Bern Sweeney receives 2013 Forest Champion Lifetime Achievement award

October 08, 2013

Avondale, Pa. - Stroud Water Research Center director Bern Sweeney, Ph.D., was honored by the Alliance for the Chesapeake Bay and the U.S. Forest Service at the opening ceremonies of the 2013 Chesapeake Watershed Forum.

The conference, held Sept. 27-29 and attended by nearly 500 conservationists, scientists, and educators, celebrated 30 years of the Chesapeake Bay restoration effort. The award recognized the outstanding effort of Bern Sweeney throughout his career to conserve, restore, and celebrate Chesapeake forests in order to improve the quality and health of the Chesapeake Bay.

At the ceremony, Sweeney was recognized for his landmark scientific publications during the past three decades regarding the role that streamside forests play in the quality of water in streams, rivers, and estuaries. He was applauded for a statement made in his 1992 scientific article that jump-started the movement to use tree planting along tributaries to help clean up the Chesapeake Bay:

"In this paper I suggest that the quality of streamside forests may be the single most important factor altered by humans that affects the structure and function, and ultimately water quality, of the streams providing water to the coastal embayments."

It was also pointed out that he has personally organized the planting of over 100,000 trees in a variety of large field experiments throughout the mid-Atlantic region -- moreover, that the publication of data associated with these pioneering experiments contributed significantly to the current technology used to create streamside forest buffers to protect and enhance the region's water quality.

Sweeney is the first recipient of the Forest Champion award in the new Lifetime Achievement category.

Beyond the benefits to the bay, forests provide clean water and air, wildlife habitat, recreational opportunities, and a host of other benefits to people.

"In rural and urban areas alike, trees are one of our greatest allies in reducing the pollution that flows off the land into local waterways and, ultimately, to the bay," says Sweeney.

With 100 acres of the region's forest lost to development each day, the need for local champions of trees and forests has never been greater.
-end-
To learn more about the benefits of streamside forest buffers, go to http://www.stroudcenter.org/education/communities/buffers/

About Stroud Water Research Center

Stroud™ Water Research Center seeks to advance knowledge and stewardship of fresh water through research, education, and global outreach and to help businesses, landowners, policymakers, and individuals make informed decisions that affect water quality and availability around the world. Stroud Water Research Center is an independent, 501(c)(3) not-for-profit organization. For more information, please visit http://www.stroudcenter.org.

About the Award

The Forest Champion contest is open to all landowners, community groups, nonprofits, forestry and natural resource professionals, schools, youth organizations, businesses, public agencies, and others working in rural, suburban and urban areas in the Chesapeake Bay.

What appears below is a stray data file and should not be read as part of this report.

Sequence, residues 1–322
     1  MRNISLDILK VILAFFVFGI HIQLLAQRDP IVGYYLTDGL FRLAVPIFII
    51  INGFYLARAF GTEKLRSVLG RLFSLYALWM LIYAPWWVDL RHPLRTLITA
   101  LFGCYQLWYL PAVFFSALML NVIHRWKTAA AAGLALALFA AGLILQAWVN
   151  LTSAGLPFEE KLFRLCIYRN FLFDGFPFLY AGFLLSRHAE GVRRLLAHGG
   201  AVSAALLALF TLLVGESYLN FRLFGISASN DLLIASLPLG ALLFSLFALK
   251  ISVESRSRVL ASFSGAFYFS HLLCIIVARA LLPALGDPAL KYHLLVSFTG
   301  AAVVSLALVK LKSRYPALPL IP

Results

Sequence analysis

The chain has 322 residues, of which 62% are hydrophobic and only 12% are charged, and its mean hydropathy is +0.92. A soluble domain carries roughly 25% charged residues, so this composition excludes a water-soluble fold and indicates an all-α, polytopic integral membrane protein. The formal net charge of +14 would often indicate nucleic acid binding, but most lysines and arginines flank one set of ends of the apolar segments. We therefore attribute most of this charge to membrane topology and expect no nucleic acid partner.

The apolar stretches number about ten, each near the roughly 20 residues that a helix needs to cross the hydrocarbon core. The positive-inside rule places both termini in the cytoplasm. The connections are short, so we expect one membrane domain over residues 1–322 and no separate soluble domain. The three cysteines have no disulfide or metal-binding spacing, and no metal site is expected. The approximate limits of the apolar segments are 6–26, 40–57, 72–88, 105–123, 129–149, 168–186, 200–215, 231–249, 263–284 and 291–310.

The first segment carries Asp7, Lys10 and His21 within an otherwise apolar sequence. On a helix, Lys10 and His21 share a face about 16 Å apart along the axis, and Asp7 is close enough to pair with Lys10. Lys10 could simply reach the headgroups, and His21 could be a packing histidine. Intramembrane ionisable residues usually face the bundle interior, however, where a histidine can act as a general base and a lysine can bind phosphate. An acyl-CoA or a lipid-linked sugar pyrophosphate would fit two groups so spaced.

Stroud Water Research Center

Related Water Articles from Brightsurf:

Transport of water to mars' upper atmosphere dominates planet's water loss to space
Instead of its scarce atmospheric water being confined in Mars' lower atmosphere, a new study finds evidence that water on Mars is directly transported to the upper atmosphere, where it is converted to atomic hydrogen that escapes to space.

Water striders learn from experience how to jump up safely from water surface
Water striders jump upwards from the water surface without breaking it.

'Pregnancy test for water' delivers fast, easy results on water quality
A new platform technology can assess water safety and quality with just a single drop and a few minutes.

Something in the water
Between 2015 and 2016, Brazil suffered from an epidemic outbreak of the Zika virus, whose infections occurred throughout the country states.

Researchers create new tools to monitor water quality, measure water insecurity
A wife-husband team will present both high-tech and low-tech solutions for improving water security at this year's American Association for the Advancement of Science (AAAS) annual meeting in Seattle on Sunday, Feb.

The shape of water: What water molecules look like on the surface of materials
Water is a familiar substance that is present virtually everywhere.

Water, water everywhere -- and it's weirder than you think
Researchers at The University of Tokyo show that liquid water has 2 distinct molecular arrangements: tetrahedral and non-tetrahedral.

What's in your water?
Mixing drinking water with chlorine, the United States' most common method of disinfecting drinking water, creates previously unidentified toxic byproducts, says Carsten Prasse from Johns Hopkins University and his collaborators from the University of California, Berkeley and Switzerland.

How we transport water in our bodies inspires new water filtration method
A multidisciplinary group of engineers and scientists has discovered a new method for water filtration that could have implications for a variety of technologies, such as desalination plants, breathable and protective fabrics, and carbon capture in gas separations.

Source water key to bacterial water safety in remote Northern Australia
In the wet-dry topics of Australia, drinking water in remote communities is often sourced from groundwater bores.

Read More: Water News and Water Current Events
Brightsurf.com is a participant in the Amazon Services LLC Associates Program, an affiliate advertising program designed to provide a means for sites to earn advertising fees by advertising and linking to Amazon.com.